Gone Girl is structured as a "he said," "she said" novel. It would not be giving too much away to say that both the he and she in the book, husband Nick Dunne and his wife Amy Elliott-Dunne, are unreliable narrators. The fun and the dread of the experience of reading their story is guessing just how unreliable they are. Even when one has finished the book, and ostensibly all the secrets have been revealed, the reader may not be entirely sure just how much of what they have read really happened. That is what takes Gone Girl from just being a thriller or police procedural to a twisted look at modern life.
|Rosamund Pike is stunning — and stuns — as Amy in Gone Girl|
A lot of people who have read the book and have watched the film view Gone Girl as the ultimate take-down of marriage. It is true that Flynn, in the voice of both her narrators, shows how difficult it can be to sustain a relationship. There are passages when Amy especially voices a female frustration with what men want, and her needing to play a role, the "cool girl," to keep her husband happy, that should resonate with many women. But the sorts of lies and deceptions and masks that we wear are not just found in marriage, but in all aspects of our lives. Flynn and her characters just take things to extremes.
I expect that I will have to watch the film again, at a later date, when I have a bit more distance from the book, to truly appreciate what Fincher and Co. have done. But I will say that Rosamund Pike was sensational as Amy. She was as compelling as her alter-ego Amy and Amazing Amy (wink). Ben Affleck was good as Nick, although I found him to be a bit too world-weary all the way through, without the All-American naiveté that I might have expected, at least at the start of the story. Especially good was Kim Dickens as Detective Rhonda Boney and Carrie Coon as Nick's twin sister Go (short for Margo). Tyler Perry and Neil Patrick Harris were also good in smaller but pivotal roles. The only bum note was Emily Ratajkowski as Andie. Fincher and Flynn (who wrote the screenplay) chose to beef up the role of Boney, and play down the role of Andie, which both turned out to be excellent choices.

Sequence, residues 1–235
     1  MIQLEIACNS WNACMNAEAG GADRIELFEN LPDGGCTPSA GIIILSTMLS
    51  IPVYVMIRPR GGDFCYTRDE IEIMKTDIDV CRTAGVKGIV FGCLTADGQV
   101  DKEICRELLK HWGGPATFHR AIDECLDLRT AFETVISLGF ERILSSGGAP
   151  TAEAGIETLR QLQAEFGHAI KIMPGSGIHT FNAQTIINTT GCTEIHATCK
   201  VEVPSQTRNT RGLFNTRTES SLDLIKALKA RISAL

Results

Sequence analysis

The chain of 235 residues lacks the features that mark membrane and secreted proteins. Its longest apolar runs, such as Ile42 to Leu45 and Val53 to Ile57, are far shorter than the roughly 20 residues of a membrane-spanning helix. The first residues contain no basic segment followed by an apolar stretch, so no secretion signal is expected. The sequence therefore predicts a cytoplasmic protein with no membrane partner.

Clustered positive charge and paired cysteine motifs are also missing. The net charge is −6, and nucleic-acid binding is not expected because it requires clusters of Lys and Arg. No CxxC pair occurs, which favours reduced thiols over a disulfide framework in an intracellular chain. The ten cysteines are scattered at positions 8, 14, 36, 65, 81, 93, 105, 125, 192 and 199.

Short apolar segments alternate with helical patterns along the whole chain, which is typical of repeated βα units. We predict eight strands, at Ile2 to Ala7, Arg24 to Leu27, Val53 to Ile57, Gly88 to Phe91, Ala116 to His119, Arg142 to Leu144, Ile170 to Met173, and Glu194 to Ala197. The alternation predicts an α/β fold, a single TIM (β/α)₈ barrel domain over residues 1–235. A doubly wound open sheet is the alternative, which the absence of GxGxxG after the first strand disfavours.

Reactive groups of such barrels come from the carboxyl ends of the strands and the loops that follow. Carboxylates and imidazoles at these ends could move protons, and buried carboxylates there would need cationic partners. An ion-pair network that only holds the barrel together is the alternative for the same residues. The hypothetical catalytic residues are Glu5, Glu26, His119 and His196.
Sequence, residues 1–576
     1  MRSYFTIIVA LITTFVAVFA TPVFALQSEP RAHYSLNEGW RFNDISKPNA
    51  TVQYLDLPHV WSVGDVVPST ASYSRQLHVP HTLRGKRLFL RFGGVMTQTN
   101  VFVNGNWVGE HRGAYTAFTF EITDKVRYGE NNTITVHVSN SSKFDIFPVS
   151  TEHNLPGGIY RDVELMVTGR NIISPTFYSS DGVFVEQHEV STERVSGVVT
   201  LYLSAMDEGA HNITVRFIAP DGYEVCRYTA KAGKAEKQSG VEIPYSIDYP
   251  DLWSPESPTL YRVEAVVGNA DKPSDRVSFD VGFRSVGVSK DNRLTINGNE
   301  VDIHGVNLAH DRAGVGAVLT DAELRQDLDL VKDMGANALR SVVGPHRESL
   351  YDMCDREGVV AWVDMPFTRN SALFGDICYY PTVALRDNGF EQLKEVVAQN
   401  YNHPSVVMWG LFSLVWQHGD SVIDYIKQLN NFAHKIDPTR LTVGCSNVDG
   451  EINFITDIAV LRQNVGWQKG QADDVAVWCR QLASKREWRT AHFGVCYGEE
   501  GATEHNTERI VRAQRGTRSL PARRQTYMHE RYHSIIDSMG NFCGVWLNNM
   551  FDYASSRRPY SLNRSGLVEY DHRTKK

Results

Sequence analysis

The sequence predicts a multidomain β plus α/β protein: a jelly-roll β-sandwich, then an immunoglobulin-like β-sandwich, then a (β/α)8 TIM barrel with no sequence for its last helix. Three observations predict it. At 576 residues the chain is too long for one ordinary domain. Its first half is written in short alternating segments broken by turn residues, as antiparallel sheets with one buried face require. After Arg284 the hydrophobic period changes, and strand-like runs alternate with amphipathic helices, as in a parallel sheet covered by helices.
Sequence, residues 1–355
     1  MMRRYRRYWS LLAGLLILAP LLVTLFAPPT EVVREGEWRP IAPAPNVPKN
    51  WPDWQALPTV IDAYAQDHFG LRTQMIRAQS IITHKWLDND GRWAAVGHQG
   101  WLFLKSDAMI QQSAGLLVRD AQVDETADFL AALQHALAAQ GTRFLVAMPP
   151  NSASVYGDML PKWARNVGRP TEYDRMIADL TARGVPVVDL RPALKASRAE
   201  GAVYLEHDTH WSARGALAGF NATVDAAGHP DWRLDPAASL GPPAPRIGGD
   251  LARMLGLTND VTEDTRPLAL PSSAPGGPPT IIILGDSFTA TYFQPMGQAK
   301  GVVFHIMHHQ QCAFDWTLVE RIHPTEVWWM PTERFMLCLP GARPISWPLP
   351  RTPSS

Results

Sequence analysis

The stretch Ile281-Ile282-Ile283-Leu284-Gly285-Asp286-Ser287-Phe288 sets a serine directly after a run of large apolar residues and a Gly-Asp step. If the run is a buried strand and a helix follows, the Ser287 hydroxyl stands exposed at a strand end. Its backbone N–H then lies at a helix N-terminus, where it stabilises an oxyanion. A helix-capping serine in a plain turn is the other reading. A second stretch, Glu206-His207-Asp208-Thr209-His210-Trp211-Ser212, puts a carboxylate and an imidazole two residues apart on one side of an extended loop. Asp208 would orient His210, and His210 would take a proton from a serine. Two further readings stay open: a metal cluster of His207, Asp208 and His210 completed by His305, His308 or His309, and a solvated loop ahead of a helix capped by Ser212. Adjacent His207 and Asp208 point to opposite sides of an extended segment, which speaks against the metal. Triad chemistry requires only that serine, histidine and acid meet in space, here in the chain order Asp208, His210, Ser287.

|The women of Gone Girl, L-R: Kim Dickens, Rosamund Pike, Gillian Flynn, Carrie Coon, by Carolyn Cole, Los Angeles Times|
Gone Girl the novel was also about writing — truth vs. fiction. We live in a world where that line is consistently blurred, from reality television to anything and everything we read online. Being writers, authors, is the meat and potatoes of the novel. Amy's parents are (once) successful authors of a children's book series, Amazing Amy, where they plundered their daughter's life for "teachable" content. Nick and Amy have both lost their jobs at New York magazines — Nick as a popular culture writer for a men's magazine, and Amy as a quiz writer for women's magazines. These authors have become obsolete, the content they used to provide easily available via the internet. Flynn would know all about this, as she was former television critic for Entertainment Weekly whose job was downsized in 2008. As their narratives unfold, Nick's seemingly in the present and Amy's in the past, via her diary, the reader can judge for themselves who is the better writer. And yes, it is a competition. And yes, it is Amy. Gone Girl is also a book, a mystery, that may benefit from a re-read, to see all the clues and signs one missed the first time around. I am definitely interested in reading whatever Flynn comes up with next.